The media and advertising industry in Turkey has been undergoing some important regulatory changes in recent times, and this process is likely to continue in the coming year. On the one hand, the state has become more involved in the measurement of media effectiveness, thanks to an expanded role for the radio and TV authority. On the other hand, 2013 will also likely see a new draft consumer law make its way onto the books which may ease the ability of companies to engage in methods such as comparative advertising; other new measures aim to strengthen the hand of the advertising regulatory authorities.

Ratings & Results

Following the discovery of fraud at the main ratings agency in Turkey in late 2011, a new set of regulations was introduced for measuring advertising effectiveness. This gave a much more hands-on role to the Radio and Television Supreme Council (RTÜK). This body, comprised of nine members elected by parliament, has traditionally been the broadcast sector watchdog and supervisor (see overview).

According to the new regulations, the measurement firm TNS will determine ratings, under a contract with the Television Audience Research Committee (TIAK). TIAK has also contracted Marmara University (MU) in Istanbul to carry out an audit of the measurement process as an independent, outside body. Thus, the ratings will initially be determined by TNS, then checked by MU, and then finally submitted to TIAK.

Supporters argue that this multi-tiered system should provide a strong safeguard against the sort of fraud uncovered in the previous arrangement. Critics, however, argue that RTÜK’s involvement opens the door to potential state influence over the statistics.

The new rules also provide for a different method of measuring audience numbers. Previously, only towns with populations over 20,000 were considered for assessment; now, the qualifying population level has been reduced to 5000. This means a more accurate portrait, taking into account more rural audiences. However, critics also note that this will make the gathering of information a lot more expensive and potentially a lot more unwieldy, given the vastly increased number of towns to be sampled. Auditing such a widespread survey is also a much bigger task. Nonetheless, the system may produce a much more nuanced picture of Turkish audience behaviour in consequence, even if statisticians now have a challenge comparing figures from before and after the change, which came into force on September 17, 2012.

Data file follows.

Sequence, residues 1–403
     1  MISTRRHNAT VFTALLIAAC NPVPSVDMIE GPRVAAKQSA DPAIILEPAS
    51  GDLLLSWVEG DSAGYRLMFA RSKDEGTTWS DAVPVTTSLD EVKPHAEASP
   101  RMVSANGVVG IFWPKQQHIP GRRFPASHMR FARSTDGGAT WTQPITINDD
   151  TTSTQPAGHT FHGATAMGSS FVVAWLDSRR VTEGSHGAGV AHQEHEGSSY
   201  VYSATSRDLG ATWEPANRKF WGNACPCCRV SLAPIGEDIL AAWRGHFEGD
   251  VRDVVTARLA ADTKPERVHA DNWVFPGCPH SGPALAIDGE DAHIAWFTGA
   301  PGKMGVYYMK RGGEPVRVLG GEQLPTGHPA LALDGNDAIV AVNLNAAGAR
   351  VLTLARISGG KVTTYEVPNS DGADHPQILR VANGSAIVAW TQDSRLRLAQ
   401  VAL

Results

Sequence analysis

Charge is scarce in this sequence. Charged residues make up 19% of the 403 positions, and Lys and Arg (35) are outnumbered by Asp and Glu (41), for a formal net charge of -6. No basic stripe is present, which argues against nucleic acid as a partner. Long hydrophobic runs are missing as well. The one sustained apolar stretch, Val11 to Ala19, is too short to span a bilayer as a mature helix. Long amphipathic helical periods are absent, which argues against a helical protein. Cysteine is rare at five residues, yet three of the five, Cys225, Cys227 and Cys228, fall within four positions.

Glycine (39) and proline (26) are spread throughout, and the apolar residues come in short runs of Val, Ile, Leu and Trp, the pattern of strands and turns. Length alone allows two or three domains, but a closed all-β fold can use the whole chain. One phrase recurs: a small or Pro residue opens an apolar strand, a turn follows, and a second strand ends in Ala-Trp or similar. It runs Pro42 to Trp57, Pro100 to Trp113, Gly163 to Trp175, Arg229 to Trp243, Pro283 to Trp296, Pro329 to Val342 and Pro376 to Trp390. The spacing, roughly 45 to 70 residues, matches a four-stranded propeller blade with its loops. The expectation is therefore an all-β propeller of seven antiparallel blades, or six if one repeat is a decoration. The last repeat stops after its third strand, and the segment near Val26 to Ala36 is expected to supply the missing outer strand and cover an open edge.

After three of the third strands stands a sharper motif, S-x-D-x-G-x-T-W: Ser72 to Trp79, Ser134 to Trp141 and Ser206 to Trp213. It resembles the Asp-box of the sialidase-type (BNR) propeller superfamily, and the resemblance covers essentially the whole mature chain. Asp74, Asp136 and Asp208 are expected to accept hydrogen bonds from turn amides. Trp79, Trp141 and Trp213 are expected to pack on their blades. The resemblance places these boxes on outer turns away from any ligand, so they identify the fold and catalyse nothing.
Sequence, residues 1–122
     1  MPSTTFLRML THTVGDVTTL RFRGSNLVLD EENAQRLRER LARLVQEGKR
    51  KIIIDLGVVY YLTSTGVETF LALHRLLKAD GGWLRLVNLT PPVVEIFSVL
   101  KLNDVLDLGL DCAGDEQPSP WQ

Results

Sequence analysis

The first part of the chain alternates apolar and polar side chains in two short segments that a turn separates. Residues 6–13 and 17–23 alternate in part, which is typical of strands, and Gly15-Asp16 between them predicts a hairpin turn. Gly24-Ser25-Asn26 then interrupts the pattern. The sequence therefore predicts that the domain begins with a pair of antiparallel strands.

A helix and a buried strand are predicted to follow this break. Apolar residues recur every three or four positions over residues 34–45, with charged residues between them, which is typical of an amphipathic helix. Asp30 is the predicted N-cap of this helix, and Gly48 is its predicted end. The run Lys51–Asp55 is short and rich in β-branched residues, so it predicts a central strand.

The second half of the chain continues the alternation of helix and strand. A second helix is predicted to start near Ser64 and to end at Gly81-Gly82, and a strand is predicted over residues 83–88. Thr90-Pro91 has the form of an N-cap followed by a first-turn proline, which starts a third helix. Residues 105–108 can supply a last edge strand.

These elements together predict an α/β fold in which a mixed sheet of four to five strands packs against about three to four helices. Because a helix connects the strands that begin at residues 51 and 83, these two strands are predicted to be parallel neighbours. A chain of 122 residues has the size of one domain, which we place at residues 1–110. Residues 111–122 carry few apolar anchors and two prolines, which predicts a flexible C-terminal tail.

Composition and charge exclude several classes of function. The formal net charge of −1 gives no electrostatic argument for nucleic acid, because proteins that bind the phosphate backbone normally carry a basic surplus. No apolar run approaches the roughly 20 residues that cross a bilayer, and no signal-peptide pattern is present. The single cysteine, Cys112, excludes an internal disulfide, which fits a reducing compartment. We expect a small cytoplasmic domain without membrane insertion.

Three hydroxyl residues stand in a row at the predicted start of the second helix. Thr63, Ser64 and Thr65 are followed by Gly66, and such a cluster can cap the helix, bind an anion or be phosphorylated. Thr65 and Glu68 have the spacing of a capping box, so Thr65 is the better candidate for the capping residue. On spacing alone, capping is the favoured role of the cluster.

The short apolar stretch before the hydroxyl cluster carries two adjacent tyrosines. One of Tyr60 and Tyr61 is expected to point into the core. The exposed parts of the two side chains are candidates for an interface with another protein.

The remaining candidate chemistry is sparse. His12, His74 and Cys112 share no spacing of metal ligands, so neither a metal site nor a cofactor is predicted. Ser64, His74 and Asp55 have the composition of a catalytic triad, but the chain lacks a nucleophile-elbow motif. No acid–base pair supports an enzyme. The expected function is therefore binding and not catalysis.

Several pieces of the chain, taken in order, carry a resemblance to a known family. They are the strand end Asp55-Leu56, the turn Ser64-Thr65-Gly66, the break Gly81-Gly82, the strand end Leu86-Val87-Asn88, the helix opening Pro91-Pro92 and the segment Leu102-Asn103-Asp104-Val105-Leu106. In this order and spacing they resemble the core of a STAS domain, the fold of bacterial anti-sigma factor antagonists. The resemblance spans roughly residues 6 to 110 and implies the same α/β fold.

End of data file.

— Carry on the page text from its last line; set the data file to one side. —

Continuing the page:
Consumer Codes

A second important likely legislative development will be a new draft consumer law. Since 2003, the Consumer Protection Law 4822 has been in force in Turkey, which establishes the Board of Advertising to ensure that the provisions of the law are followed in the advertising sector. Under the provisions of the new draft law, this board will undergo several changes in its composition and remit.

First, the number of members will fall from 29 to 11, drawn from sector representatives, academics, public officials, representatives from consumer organisations and professional chambers. If the rules as drafted in early 2013 become law, the unilateral authority to order temporary bans on advertisements will be given to the board chairman. Under the changes, the board may also examine not only commercial ads, but also commercial practices, to see if they are unfair. The law also requires broadcast channels to air at least 10 minutes a week of consumer education programmes. Finally, the law raises the limit on fines imposed by the board from TL83,000 (€35,839) to TL200,000 (€86,360).

The draft law thus strengthens the consumer protection aspects of the code, with an eye to bringing Turkish law in this area into line with EU standards. This effort forms part of the EU accession process, which continues to progress on a regulatory level despite a slowdown on the political front. At the same time, the draft law may also see a change in the rules governing competitive advertising. The final law will likely include safeguards empowering the board to protect consumers from cases of misleading advertising of this sort.